one. Ball two. Strike one. Foul,
strike two. Mayer was a victim on
strikes. It was Foster's fifth strike
out. All during the inning he kept the
ball on the inside) of the. plate. No
runs, no hits, no errors.
Fourth Inning
First half: Speaker up. Ball one.
Speaker filed out to Bancroft. Hob
litzel up. Strike one. Ball one. Ball
two. Ball three. Hoblitzel out to
Luderus, unassisted. Lewis up. Foul,
strike one. Ball one. Foul, strike
two. Foul. Lewis struck a single
over second base which Nlehoff was
Just able to knock down. Oardner
I up. Ball one. Ball two. Lewis out
guessed Mayer on a pitch out. Foul
strike. Oardner out. on a fly to Whit
ted, who had to make a hard run to-
/Jiffifoft;-... V;'
Shore, of the Red Sox, and Alexander, of the Phillies, shaking hands
before the first game of the world's series in Philadelphia on Friday.
wards the foul line to make the catch,
No runs, one hit. no errors.
Second Half: Stock up. Ball one.
Strike one. The stands now started
a cheer to rattle Poster. Stock out
on a fly to Speaker, xvho made the
catch on a hard run. Bancroft up.
Foul, strike one. Bancroft went out,
Hoblitzel to Poster. Paskert up.
Strike one. Paskert out on a long
fly to Ho.oper. Not a hit had been
made oft Foster during the first four
innings. No runs, no hits, no errors.
Fifth Inning
First half: Barry up. Barry out.
Stock to Luderus. It was a great stop
by Stock, and the President clapped
his hands. Thomas up. Ball one.
Strike one. Strike two. Foul. Ball
two. Thomas went out, Stock'to I*u
derus. Foster up. Ball one. Foul,
strike one. Ball two. Ball three.
Strike two. Foster got a double
against the right field fence. It was
the first extra base hit of the series.
Hooper Up Ball one. Ball two. Ball
three. Hooper walks. He was pur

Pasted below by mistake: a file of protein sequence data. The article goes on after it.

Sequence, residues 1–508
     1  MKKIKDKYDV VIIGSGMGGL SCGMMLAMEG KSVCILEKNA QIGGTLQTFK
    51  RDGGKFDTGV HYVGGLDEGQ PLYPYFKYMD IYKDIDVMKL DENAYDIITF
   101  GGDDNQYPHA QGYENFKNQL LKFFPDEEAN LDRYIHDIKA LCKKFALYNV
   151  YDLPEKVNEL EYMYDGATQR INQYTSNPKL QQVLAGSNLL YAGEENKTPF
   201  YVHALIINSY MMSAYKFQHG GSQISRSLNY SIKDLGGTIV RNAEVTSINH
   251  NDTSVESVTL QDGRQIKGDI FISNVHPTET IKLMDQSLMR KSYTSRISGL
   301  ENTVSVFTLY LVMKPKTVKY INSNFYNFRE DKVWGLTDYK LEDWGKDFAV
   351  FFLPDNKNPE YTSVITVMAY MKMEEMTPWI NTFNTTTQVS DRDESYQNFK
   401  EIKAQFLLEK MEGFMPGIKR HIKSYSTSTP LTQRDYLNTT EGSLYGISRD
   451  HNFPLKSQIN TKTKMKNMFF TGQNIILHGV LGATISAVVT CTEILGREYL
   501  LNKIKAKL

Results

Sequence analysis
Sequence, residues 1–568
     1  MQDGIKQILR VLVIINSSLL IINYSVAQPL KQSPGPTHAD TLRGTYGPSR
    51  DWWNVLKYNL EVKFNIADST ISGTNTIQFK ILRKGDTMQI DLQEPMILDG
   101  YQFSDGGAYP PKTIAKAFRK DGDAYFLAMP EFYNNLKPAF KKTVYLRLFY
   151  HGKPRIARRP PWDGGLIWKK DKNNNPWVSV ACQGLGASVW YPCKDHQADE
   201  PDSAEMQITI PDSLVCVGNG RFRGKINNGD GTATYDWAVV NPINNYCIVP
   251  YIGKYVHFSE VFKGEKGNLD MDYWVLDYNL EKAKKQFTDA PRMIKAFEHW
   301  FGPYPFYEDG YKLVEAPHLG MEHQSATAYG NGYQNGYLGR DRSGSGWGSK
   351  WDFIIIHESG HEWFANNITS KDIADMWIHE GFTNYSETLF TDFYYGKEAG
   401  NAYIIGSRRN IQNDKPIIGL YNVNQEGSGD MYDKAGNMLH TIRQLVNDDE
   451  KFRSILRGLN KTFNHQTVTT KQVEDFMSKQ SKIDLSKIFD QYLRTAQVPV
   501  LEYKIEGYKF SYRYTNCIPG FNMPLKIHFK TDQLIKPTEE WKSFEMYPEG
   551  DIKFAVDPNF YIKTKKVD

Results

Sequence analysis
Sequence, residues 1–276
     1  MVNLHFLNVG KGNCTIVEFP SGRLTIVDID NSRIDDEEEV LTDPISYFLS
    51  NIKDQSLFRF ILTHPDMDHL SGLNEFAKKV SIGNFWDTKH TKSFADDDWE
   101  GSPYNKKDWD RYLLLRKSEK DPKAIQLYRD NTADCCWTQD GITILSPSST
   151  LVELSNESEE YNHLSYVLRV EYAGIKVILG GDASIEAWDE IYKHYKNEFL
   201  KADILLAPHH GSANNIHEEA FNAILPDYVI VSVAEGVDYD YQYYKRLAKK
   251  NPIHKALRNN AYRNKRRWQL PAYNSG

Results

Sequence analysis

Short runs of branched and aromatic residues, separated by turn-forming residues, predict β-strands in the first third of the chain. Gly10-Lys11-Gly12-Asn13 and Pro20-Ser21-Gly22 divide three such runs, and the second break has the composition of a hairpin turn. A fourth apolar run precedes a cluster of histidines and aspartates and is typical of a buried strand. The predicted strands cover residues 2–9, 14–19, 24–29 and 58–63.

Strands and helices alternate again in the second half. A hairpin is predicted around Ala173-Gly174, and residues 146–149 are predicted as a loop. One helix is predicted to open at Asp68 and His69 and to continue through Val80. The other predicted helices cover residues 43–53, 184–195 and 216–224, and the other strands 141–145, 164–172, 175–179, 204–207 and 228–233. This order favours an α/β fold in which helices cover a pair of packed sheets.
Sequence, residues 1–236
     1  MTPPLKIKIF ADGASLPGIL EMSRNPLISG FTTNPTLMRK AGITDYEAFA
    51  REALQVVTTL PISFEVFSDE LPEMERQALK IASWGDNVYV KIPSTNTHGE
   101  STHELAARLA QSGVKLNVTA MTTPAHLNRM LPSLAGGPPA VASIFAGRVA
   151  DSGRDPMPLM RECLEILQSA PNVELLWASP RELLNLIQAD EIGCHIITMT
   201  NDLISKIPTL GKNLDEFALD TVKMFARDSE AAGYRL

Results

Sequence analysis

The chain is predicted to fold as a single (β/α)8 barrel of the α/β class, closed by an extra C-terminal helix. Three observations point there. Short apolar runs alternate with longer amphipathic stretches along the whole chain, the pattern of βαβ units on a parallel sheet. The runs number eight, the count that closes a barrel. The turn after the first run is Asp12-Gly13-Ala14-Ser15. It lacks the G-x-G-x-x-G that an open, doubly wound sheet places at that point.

posely passed. Scott up. Strike one.
Scott filed to Whitted. No runs, one
hit, no errors.
Second half. Cravath up. Ball
one. Ball two. Foul, strike one.
Strike two. Cravath doubled to left
and the crowd howled. It was the
Phillies' first hit. Luderus up. Ball
one. Foul, strike one. Foul, strike
two. Cravath scored on Luderus' dou
ble to right center. The score was
now tie. Whitted up. Foul, strike
one. Foul, strike two. Whitted out,
Scott to liohlitzel, Luderus going to
third. Nlehoff up. Nlehoff lined out
to Hoblitzel. Burns up. Ball one.
Foul, strike one. Foul, strike two.
Foul. Ball two. Burns fanned. One
run, two hits,- no errors.
Sixth Inning
First half: Speaker up. Ball one.
Strike one. Ball two. Speaker pop
ped out to Bancroft. Hoblitzel up.
Strike one. Ball one. Ball two. Ball
three. Strike two. Hoblltzei tiled out
to Nlehoff. Lewis up. Foul, strike
one. Strike two. Lewis biting on a
wide curve. Lewis fanned. No runs,
no hits, no errors.
Second half: Mayer up. Ball one.
Strike one. Striice twoi Ball two.
Barry tossed out Xayer. Stock up.
Strike one. Foul, otrike two. Ball
one. Barry tossed out Stock taking
the grounder away back on the grass.
Bancroft up. Strike one. Ball one.
Bancroft singled to right center.
Speaker made a nice play on the ball
and almost nipped Bancroft who over
ran the bag. Paskert up. BaJl one.
Ball two. Gardner threw out Paskert.
r:o runs, one hit, no errors.
Seventh Inning
First half: Gardner up. Strike one.
Ball one. Ball two. Strike two.
Gardner died out to "VVhltted. -Barry
up. Barry singled sharply to left.
Thomas up. Ball one. Thomas forced
Barry at second, Mayer to Bancroft to
Niehoif. .Foster up. Strike one. Ball
one. Foster singled- to left, Thomas
going to second. Hooper up. JUnvrin
ran for Thomas. Hooper scratched
an intield hit, filling the bases. Hen
ricksen batted- for Scott. Hendrick
sen up. • Strike one. Hendricksen
popped out to Luderus. No run, three
hits, no errors.
Second half: Cady went in to catch
for Bost n. Janvrin took Scott's place
at short. Cr&vath up. Strike one.
Strike two. Cravath fanned on three
pitched balls. Luderus up. Strike
one. Luderus filed out to Hooper.
■\Vhlttcd up. Fall one. Strike one.
Foul, strike two. Foul. Ball two.
Ball tli'ree. Foul. Fo\U. Whitted
fouls o\it to Caddy.' No runs, no hits,
no errors.
Eiztxtli Inning
First half Speaker up. Strike one.
Bail one. Speaker was out, Luderus
to Mayer. Hobl'tzel up. Ball one.
Ball two. Strike one. Hoblitzel flied
out to Cravath. Lewis up. Bancroft
threw out Lewis at first. Bancroft
got the ball with his gloved hand as it
was bounding over second base and
then made a line- throw to first. It
v.as a sparkling play. No runs, no
hits, no errors.